Behind every high-performance watch is a story of an extraordinary man's adventure and challenge - stories of extreme conditions like deep-sea diving, high-speed racing and astronaut's space walking. Elite soldiers also frequent similar chapters of exceptional human achievements. A few chosen group of soldiers, such as fighter jet pilots and special forces personnel, get issued special watches that will endure the harsh conditions their missions usually take place in. When the need for special watches emerged, military organizations around the world first purchased high-end diver's watches and chronographs from Blancpain, Rolex and Tudor and issue them to raise the morale of their special soldiers.

TR900 Made for U.S.NAVY Frogman and Marines . Tornek-Raville by Blanpain Company  late 1950's  "Credit Nicolas" 

UDT SEAL Issued Submariner REF.7928  TUDOR by ROLEX  1960s

In early 1970's, US government developed its own specifications for a high-performance military watch and had it supplied by an American watchmaking company, Benrus. Benrus was relatively well-knwon at that time in the US domestic market for its technology for civilian pilot and diver watches. (Later Benrus brand was sold to Japan, and then recently returned to the US)

The watch I am writing about in this article is officially titled by the US military as 'Watch, Wrist, Submersible and Navigation' with Mil-Spec no. MIL-W-50717. As the name indicates, this watch was designed for underwater operators and pilots.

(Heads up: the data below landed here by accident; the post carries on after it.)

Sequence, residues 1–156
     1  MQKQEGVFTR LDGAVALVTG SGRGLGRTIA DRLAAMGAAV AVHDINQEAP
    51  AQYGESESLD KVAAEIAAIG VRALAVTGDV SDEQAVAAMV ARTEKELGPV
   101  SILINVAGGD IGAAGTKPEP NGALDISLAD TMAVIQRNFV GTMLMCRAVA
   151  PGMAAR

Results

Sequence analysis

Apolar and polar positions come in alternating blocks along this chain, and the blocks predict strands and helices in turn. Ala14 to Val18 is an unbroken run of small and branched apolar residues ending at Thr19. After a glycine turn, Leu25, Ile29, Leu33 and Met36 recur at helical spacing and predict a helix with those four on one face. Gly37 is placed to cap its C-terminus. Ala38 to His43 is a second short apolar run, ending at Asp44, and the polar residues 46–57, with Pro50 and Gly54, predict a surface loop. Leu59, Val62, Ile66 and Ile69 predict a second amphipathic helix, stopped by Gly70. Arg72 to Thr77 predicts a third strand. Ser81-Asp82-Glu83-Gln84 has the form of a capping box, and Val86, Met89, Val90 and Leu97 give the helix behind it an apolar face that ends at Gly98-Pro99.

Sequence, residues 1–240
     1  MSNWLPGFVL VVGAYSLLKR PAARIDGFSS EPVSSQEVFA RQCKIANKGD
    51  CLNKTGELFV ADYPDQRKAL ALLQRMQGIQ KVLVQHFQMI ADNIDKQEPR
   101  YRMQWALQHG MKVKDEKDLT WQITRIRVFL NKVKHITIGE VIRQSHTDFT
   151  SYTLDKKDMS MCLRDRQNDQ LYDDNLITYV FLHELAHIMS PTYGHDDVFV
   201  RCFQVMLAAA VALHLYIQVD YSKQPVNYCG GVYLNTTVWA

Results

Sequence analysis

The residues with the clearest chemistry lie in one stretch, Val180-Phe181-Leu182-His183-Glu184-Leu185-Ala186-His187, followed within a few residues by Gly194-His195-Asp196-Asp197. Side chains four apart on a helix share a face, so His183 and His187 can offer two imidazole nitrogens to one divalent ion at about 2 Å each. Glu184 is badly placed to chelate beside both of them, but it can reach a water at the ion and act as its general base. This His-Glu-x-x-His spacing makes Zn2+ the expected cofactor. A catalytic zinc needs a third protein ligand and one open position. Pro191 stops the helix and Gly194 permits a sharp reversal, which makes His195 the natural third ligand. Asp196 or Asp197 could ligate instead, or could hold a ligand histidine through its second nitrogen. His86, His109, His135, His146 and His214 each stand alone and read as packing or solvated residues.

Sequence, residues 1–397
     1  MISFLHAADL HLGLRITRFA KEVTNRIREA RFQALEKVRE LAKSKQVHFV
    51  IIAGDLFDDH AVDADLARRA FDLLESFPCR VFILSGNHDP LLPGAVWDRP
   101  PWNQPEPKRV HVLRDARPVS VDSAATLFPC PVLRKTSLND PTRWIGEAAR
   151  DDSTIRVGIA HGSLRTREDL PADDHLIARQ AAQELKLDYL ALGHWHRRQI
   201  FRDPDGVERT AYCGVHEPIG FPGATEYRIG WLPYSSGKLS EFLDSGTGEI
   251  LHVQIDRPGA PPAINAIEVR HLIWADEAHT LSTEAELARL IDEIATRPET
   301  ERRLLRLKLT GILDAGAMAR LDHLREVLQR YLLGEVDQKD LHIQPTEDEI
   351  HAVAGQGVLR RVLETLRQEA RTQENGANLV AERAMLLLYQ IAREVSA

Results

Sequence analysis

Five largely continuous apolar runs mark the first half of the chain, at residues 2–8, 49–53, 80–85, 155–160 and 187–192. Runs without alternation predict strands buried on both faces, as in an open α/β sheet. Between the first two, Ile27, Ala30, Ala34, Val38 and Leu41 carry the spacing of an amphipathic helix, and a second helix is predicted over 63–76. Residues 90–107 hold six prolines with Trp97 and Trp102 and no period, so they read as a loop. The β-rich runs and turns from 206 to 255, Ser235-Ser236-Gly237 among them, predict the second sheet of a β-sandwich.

This watch was categorized into Type I and II by function, and each type again into Class A and B. However Type I was not categorized further into sub-classes, so there were three variations manufactured between 1971 and 1980. Diver's watch Type I, issued to Navy SEALs and UDT personnel during the height of Vietnam War, took the face right off the Rolex Submariner. Type IIs, with 24-hour index added on the dial, were issued to fighter jet pilots of the Marine Corps and Navy. Interestingly, Class B of Type II was issued to the nuclear-powered submarine crews, and for that reason tritium luminescence was removed.  

A true 'military' watch in every aspect, the Benrus Type series carried 'GS1D2' movement which basically was Swiss-made ETA 2620 automatic caliber modified to the Mil-Spec standards - a safe call. With strong luminance under water and certified water-proofness upto 300m, it was as good as any high-end diver's watch of the time could get.

When you find out that the Benrus diver was the first and the last of America's domestic brand automatic watch ever officially issued to Navy SEALs, I am sure this watch will immediately pop up on your wish list. I am sorry to inform you however that a still functioning Benrus diver watch is extremely rare to come by these days due to its very short production period (less than 10 years). There are many watch companies making copies of this classic Benrus Type series trying to bandwagon 'military fashion' trend, but looking like a Navy SEAL does not make you a real Navy SEAL - none of such imposter's can ever compete with the original piece from the 70's